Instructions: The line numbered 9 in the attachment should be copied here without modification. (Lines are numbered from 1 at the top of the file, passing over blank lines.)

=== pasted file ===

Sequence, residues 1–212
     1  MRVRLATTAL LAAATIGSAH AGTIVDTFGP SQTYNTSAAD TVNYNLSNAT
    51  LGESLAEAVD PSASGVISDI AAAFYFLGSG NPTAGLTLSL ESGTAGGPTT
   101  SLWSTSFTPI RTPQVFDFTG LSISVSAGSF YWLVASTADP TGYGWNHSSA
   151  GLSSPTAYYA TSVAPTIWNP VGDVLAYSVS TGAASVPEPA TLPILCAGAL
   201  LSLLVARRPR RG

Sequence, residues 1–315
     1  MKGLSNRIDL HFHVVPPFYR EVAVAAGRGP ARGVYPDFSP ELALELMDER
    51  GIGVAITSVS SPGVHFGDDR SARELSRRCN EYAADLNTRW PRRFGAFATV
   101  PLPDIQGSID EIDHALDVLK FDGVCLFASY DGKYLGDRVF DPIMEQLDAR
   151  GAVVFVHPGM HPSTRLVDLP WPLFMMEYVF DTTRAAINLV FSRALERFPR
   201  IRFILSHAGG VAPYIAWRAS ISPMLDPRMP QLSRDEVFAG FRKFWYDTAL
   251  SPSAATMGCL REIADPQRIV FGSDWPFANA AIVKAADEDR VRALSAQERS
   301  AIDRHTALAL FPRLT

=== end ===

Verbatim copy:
    51  GIGVAITSVS SPGVHFGDDR SARELSRRCN EYAADLNTRW PRRFGAFATV